For McCain to select Rice would, in some ways, represent an act of defiance and chutzpah on the Arizona senator's part. It would underscore his reputation as not just an unapologetic supporter of the war in Iraq, but as one intent on continuing it with the help of one of its primary architects. It would signal that McCain intends to continue the Bush departure from traditional Republican realpolitik in favor of a Wilsonian interventionism in the world.
But I don't think that Rice will be the vice presidential nominee of the GOP, at least not in 2008. Back in February, 2005, I reacted to Althouse's speculations regarding Rice for president. Much of what I wrote there seems appropo to the current speculation:
I don't think that Condoleezza Rice will be nominated for President and here's why:
First, because she's secretary of state. In the early history of our country, that was a more overtly domestic political office and secretaries of state were seen as natural presidential timber. Jefferson, Madison, Monroe, and John Quincy Adams all were secretaries of state before going to the White House.
But the nature of the job was quite different in those days. America was a stay-at-home country. The primary function of US diplomacy was to give the country the breathing room to establish its nationhood, expand across the continent unencumbered by foreign impediments, and remain free from the thicket of what Washington called "entangling alliances." (Even Jefferson, for all his pronounced prejudice for France, pursued this Washingtonian policy both as the first president's secretary of state and as President.)
Secretaries of state didn't trot the globe. That wasn't just because of crude transportation systems. It was because the "stay at home" country didn't require a lot of globe-trotting from its chief diplomat.
This in turn, left secretaries of state more time and opportunity to do the things contenders for the presidency must do for the three years prior to an actual campaign: campaign.
Today, a secretary of state's most valuable contacts reside in Baghdad and Moscow, not Boise and Manhattan. Contemporary secretaries of state must accept that, if they want to be President, they will enter the fray with a decided disadvantage.
A second reason that it would be difficult, if not impossible, for Condi Rice to become a presidential nominee is that she's secretary of state.
In this case, that means that she has spent her lifetime in academia and foreign affairs. What she does is vitally important and she may very well prove to be good at it. But both academia and diplomacy can be arcane stuff and each has developed a specialized vocabulary.
It's difficult to imagine Rice talking about bread and butter issues in Scranton or Peoria, isn't it? Even if she did, it would be difficult for her to not sound like a wifty, inaccessible wonk. State-speak may be even more impenetrable than the Senate-speak that many feel hurt John Kerry last year.
A third reason I suspect Rice can't be nominated for the presidency is that she's a secretary of state who's never held elective political office.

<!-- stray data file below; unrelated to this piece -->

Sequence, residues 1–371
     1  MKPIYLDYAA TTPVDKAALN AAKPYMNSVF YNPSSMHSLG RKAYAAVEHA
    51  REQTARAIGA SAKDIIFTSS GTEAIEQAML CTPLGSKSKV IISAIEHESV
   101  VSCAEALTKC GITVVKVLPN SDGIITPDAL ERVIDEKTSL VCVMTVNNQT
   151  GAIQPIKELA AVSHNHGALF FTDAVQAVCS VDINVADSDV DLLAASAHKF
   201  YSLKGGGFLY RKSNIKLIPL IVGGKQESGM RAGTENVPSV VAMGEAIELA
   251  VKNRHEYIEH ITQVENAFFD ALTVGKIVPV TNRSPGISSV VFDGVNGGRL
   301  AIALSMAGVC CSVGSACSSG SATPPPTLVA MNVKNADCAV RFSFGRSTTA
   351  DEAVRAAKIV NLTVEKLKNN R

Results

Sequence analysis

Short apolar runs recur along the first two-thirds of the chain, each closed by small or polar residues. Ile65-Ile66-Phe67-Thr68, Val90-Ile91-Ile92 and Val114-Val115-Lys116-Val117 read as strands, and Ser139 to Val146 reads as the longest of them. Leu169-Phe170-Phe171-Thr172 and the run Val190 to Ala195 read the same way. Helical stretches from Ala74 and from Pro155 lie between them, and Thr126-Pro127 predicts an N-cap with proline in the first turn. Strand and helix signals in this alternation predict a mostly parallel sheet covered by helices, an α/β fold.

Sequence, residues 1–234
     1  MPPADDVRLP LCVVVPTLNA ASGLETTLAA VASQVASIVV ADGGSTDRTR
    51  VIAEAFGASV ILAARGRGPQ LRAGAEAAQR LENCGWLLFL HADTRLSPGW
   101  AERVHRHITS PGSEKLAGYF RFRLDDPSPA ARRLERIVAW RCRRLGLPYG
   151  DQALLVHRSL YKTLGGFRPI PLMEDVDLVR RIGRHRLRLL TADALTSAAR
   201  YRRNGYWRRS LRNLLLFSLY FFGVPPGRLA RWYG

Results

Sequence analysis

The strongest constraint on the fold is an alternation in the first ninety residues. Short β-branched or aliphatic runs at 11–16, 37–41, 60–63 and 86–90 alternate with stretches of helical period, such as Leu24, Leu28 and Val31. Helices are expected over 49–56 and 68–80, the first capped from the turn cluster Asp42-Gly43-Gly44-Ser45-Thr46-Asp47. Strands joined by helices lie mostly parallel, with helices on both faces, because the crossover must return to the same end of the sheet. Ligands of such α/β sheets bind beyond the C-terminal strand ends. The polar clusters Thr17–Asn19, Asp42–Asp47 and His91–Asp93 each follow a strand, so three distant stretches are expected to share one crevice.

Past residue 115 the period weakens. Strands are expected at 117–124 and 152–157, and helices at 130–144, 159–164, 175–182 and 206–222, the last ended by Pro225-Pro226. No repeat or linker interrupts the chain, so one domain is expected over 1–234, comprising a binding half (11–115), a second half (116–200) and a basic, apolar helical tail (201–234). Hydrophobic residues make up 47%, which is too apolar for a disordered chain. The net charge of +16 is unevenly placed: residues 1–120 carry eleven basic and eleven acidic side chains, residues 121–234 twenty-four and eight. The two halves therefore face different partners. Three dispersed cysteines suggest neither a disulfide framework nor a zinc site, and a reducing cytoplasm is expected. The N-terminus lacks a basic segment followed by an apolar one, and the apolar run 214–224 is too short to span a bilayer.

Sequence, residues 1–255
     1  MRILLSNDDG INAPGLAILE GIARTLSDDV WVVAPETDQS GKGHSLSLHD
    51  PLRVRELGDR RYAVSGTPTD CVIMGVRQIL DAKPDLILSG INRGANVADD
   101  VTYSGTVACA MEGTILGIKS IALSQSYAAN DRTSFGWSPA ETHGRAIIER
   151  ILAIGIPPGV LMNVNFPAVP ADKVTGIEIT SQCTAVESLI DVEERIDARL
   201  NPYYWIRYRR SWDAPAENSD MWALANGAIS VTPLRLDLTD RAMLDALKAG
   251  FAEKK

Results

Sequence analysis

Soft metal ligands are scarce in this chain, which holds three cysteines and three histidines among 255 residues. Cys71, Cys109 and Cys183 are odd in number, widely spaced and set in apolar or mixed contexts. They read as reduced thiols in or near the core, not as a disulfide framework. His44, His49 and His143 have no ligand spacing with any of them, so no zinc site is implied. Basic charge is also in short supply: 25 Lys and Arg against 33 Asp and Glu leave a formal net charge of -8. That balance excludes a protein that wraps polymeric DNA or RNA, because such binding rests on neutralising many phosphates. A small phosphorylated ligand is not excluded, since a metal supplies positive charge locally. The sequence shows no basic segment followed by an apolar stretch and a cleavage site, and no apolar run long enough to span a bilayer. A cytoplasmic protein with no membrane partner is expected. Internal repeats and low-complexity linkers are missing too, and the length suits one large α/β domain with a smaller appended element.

We may occasionally elect a general to the presidency without the benefit of elective political experience. Think: Ulysses S. Grant and Dwight Eisenhower. But we have never elected a former secretary of state to the presidency who hadn't first been an elective office holder.
We may argue with that seeming prejudice. But it's there nonetheless. Americans like their presidents to be people of action. Whether it's unfair or not, diplomats are not seen as people of action, no matter how esteemed they may be.
There may be some historical warrant for this. John Quincy Adams did serve in elective political offices, first in the Massachusetts state senate and later in the US Senate, prior to becoming President. But his tenures in both legislative bodies were disastrous. He showed the same petulance in those gigs as he later would show in the White House. He served for one term in the White House. (Adams served long in the US House of Representatives after his presidential term. Though celebrated for his stance on slavery today, he was largely ineffectual.)
But as a diplomat and secretary of state, Adams felt less constrained to stubbornly dig in. For him, diplomacy was primarily an academic discipline, which suited him intellectually and tempermentally. (It's interesting to note that when, as secretary of state, Adams made his most important policy pronouncement, he did so wearing academic regalia.) He is considered by many to have been our finest secretary of state. That didn't serve him well as president.
Generally speaking, for all of our disdain for politics, we like our Presidents to be accomplished politicians. Secretaries of state without elective political experience are not seen as politicians, even if they are advanced practitioners of the political arts...
The two things that I don't think hurt Rice's prospects of being a nominee for President are that she is a woman and that she is African-American. I believe that this country would willingly elect an African-American woman to be president at this time. I just doubt that it will be Condi Rice...
The reasons I advanced for Rice not being a presidential contender apply to her as a vice presidential candidate. I'm not sure that she will connect with voters and I'm doubtful about what state she can bring in for the Republicans in the fall, the most critical political question regarding a vice presidential running mate.